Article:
Prayer of a Soldier in France (1918)

"Joyce Kilmer". Licensed under Public Domain via Wikimedia Commons - https://commons.wikimedia.org/wiki/File:Joyce_Kilmer.jpg#/media/File:Joyce_Kilmer.jpg

“Joyce Kilmer”. Licensed under Public Domain via Wikimedia Commons – https://commons.wikimedia.org/wiki/File:Joyce_Kilmer.jpg#/media/File:Joyce_Kilmer.jpg

During this week of Veterans Day and Remembrance Day, I’d like to share a poem from World War 1.

In doing research for my novella, Julia’s Gifts, I found this beautiful and moving poem by Alfred Joyce Kilmer, entitled, “Prayer of a Soldier in France,” where Kilmer compares the soldier’s journey to Christ’s passion as a prayer for perseverance.

Prayer of a Soldier in France (1918)
My shoulders ache beneath my pack
(Lie easier, Cross, upon His back).
I march with feet that burn and smart
(Tread, Holy Feet, upon my heart).
Men shout at me who may not speak
(They scourged Thy back and smote Thy cheek).
I may not lift a hand to clear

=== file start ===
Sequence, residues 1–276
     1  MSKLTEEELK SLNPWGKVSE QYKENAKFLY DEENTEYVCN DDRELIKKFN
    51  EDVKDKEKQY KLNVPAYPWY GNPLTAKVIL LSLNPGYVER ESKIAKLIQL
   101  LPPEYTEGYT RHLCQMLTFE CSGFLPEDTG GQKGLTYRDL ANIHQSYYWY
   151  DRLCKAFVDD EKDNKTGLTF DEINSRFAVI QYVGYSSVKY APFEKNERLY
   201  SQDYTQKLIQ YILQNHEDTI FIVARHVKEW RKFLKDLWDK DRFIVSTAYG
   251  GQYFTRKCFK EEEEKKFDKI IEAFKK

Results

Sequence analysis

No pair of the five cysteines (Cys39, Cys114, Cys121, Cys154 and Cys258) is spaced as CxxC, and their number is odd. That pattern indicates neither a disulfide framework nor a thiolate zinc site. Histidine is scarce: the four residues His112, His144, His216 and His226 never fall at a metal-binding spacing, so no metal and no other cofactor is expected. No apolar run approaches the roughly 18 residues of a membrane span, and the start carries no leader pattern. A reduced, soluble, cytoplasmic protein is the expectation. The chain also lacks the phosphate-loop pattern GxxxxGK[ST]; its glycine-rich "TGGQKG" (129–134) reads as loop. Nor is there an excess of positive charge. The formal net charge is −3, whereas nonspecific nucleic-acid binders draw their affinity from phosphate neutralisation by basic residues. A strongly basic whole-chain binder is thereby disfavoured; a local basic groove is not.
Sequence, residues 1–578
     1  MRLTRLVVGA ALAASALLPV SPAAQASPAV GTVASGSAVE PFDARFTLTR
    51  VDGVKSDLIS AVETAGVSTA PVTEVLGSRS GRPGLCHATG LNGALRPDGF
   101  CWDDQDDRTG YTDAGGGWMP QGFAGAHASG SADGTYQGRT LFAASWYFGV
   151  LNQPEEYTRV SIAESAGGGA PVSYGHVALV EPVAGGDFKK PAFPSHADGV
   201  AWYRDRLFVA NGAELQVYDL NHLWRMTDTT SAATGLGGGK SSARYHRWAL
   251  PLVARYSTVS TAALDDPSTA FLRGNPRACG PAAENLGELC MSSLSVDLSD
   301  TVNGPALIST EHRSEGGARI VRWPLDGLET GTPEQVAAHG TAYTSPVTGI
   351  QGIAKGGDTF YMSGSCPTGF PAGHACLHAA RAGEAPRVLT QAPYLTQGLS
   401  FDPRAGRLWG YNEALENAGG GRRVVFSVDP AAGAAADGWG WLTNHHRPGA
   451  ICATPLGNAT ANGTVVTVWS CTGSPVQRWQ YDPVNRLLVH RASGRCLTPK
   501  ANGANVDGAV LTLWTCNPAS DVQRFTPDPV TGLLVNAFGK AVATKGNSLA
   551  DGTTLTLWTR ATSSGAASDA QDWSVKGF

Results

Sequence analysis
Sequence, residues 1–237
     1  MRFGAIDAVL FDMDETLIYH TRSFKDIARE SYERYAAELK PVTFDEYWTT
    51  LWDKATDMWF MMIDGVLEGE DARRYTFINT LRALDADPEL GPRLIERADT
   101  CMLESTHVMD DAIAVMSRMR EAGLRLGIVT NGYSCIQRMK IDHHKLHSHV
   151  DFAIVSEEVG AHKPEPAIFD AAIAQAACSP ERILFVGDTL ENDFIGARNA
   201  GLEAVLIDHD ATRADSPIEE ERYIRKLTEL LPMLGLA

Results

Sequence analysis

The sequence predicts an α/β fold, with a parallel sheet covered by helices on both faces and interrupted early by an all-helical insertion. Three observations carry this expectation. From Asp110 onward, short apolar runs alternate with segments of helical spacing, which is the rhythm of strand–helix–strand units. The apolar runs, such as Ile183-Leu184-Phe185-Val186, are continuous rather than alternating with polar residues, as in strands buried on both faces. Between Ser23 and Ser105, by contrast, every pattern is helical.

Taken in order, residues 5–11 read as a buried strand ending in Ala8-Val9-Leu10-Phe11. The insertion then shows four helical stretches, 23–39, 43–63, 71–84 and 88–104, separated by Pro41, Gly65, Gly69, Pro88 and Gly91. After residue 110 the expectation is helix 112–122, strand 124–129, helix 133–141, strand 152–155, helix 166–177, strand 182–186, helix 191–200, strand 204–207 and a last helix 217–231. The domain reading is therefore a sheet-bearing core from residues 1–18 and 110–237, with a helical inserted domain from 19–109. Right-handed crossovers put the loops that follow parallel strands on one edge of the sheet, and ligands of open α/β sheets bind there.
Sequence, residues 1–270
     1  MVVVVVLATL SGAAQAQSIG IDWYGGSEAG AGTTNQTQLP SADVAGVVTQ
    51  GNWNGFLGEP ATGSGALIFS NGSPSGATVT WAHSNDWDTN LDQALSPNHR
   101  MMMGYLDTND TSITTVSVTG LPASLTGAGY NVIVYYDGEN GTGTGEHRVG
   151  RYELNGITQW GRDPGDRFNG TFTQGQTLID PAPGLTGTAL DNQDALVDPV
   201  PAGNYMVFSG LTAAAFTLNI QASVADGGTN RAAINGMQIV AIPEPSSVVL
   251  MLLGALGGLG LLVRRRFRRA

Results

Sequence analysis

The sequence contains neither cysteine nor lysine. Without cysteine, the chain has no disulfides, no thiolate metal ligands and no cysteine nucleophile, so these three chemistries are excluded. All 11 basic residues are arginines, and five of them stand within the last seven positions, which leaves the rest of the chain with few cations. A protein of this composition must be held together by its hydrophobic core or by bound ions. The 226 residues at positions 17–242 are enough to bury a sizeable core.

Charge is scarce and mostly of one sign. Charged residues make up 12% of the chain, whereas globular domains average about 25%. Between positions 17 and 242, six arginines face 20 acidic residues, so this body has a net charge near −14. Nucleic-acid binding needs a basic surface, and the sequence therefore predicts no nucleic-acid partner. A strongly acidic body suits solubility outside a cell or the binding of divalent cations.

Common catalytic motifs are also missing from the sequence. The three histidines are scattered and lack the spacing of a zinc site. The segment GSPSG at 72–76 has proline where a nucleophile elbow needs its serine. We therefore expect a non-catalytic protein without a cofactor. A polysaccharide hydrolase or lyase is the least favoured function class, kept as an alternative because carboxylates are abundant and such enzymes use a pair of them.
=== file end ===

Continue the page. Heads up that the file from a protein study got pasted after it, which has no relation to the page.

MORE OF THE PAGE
My eyes of salty drops that sear.
(Then shall my fickle soul forget
Thy Agony of Bloody Sweat?)
My rifle hand is stiff and numb
(From Thy pierced palm red rivers come).
Lord, Thou didst suffer more for me
Than all the hosts of land and sea.
So let me render back again
This millionth of Thy gift. Amen.

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5 thoughts on “Prayer of a Soldier in France (1918)

  1. Simple. Moving. Beautiful. Thanks for sharing this with your readers, Ellen. All the best to you and your beautiful family.

  2. As a grade schooler, I was required to memorize “Trees,” a requirement for which I remain very grateful. Although many decades later I clearly remember only the first and last two verses, as someone who loves to read and write poetry, those lines have special meaning. When I learned very recently that Joyce Kilmer died in WWI, his poem took on added meaning. Now, thanks to you, Ellen, his “Prayer of a Soldier in France” multiples my admiration and affection for him, one of America’s–and the Church’s–fallen heroes. Thank you so very much for profiling him and this beautiful poem-prayer of his–not that “Tress” was any less of a prayer. God bless you for sharing. Thank you!…p.s. Before reading this post, I was thinking about writing about Mr. Kilmer for a Memorial Day posting. If I do, do you mind if I reference your post as the source of my learning about his soldier prayer? …Not a problem if you prefer that I not…Peace! bt

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